[order] CICONIIFORMES | [family] Ciconiidae | [latin] Anastomus lamelligerus | [authority] Temminck, 1823 | [UK] African Openbill | [FR] Bec-ouvert africain | [DE] Mohren-Klaffschnabel | [ES] Picotenaza Africano | [NL] Afrikaanse Gaper
The openbill storks or openbills are two species of stork (family Ciconiidae) in the genus Anastomus. They are large wading birds characterized by large bills, the mandibles of which do not meet except at the tip. This feature develops only in the adults. The two species of openbill storks are the Asian Openbill (A. oscitans), a resident breeder in tropical southern Asia from India and Sri Lanka east to Southeast Asia. Next the African Openbill (A. lamelligerus,) a resident breeder in Africa and Madagascar.
Both adults are similar, with male larger than female.
The plumage is black overall, with glossy green, brown or purple mantle and breast.
The large bill is brownish-horn, paler towards the base. The mandibles show a wide gap between them of about 5-6 mm, and join only at tip. On the almost straight upper mandible, there are several small columnar pads, about 20-30, which help the bird to grip the shell and then, to extract the mollusc.
Eyes are grey with bluish lores and bare eye-ring. Legs and feet are blackish.
Listen to the sound of African Openbill
Copyright remark: Most sounds derived from xeno-canto
recorded by Derek Solomon
Africa : widespread. Africa s. of the Sahara in unforested regions; W. Madagascar
The species inhabits freshwater wetlands with shallow waters and a large abundance of aquatic molluscs including marshes, swamps, rice-fields, flood-plains, the backwaters and margins of lakes or rivers, ponds and streams. It may also frequent moist savanna or burnt grassland as well as occasionally forest clearings, coastal mudflats and mangrove swamps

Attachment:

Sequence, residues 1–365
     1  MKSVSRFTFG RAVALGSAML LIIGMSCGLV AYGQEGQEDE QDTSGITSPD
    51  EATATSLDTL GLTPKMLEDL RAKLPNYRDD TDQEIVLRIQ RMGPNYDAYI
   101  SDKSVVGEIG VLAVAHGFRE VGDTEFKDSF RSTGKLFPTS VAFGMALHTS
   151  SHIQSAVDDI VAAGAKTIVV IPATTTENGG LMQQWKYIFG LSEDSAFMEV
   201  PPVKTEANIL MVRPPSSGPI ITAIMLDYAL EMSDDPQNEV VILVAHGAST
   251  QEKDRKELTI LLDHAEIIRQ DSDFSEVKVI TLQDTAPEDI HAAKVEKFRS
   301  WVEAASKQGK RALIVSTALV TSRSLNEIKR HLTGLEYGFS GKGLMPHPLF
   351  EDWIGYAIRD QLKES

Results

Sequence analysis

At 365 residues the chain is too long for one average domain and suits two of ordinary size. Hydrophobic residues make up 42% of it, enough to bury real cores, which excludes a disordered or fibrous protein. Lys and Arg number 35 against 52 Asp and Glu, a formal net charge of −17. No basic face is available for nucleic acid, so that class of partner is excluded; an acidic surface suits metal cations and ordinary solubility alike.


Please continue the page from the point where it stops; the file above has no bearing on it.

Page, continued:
The nest is a small platform of sticks and vegetation positioned in trees and bushes over water (e.g. inundated in standing water on flood-plains), or alternatively in reedbeds. It nests colonially, often in mixed-species groups. The African Openbill is monogamous unless its mate dies. In the event of a partner dying Anastomus lamelligerus will seek out a new mate. The nesting habit of African Openbill is to create the nest on the ground. Female lays 3-4 oval, chalky-white eggs. Incubation is shared by both sexes and lasts about 25-30 days. At hatching, the downy chicks are black with normal bill. The gap will develop over several years. They are fed by both parents, and fledge about 50-55 days after hatching.
It breeds during in the rains when snails (its main prey items) are most readily available and nests in colonies of various sizes1 often with other species. Nesting may only occur in years when local food supplies are plentiful however, so may not occur regularly at the same site. In many regions the species may depend entirely upon molluscs such as aquatic snails and freshwater mussels. Other prey items taken include frogs, crabs, worms, fish and insects (e.g. locusts and beetles).
copyright: Daniel Jimenez
This species has an extremely large range, and hence does not approach the thresholds for Vulnerable under the range size criterion (Extent of Occurrence <20,000 km2 combined with a declining or fluctuating range size, habitat extent/quality, or population size and a small number of locations or severe fragmentation). Despite the fact that the population trend appears to be decreasing, the decline is not believed to be sufficiently rapid to approach the thresholds for Vulnerable under the population trend criterion (>30% decline over ten years or three generations). The population size is very large, and hence does not approach the thresholds for Vulnerable under the population size criterion (<10,000 mature individuals with a continuing decline estimated to be >10% in ten years or three generations, or with a specified population structure). For these reasons the species is evaluated as Least Concern.
The species is threatened by habitat loss, entanglement in fishing lines and environmental pollution (e.g. pesticides applied to water for mosquito control). It also suffers from hunting, poaching and the destruction of breeding colonies by villagers on Madagascar. Utilisation The species is hunted and traded at traditional medicine markets in Nigeria.
This species is an intra-African trans-equatorial migrant making movements that are triggered by the rains.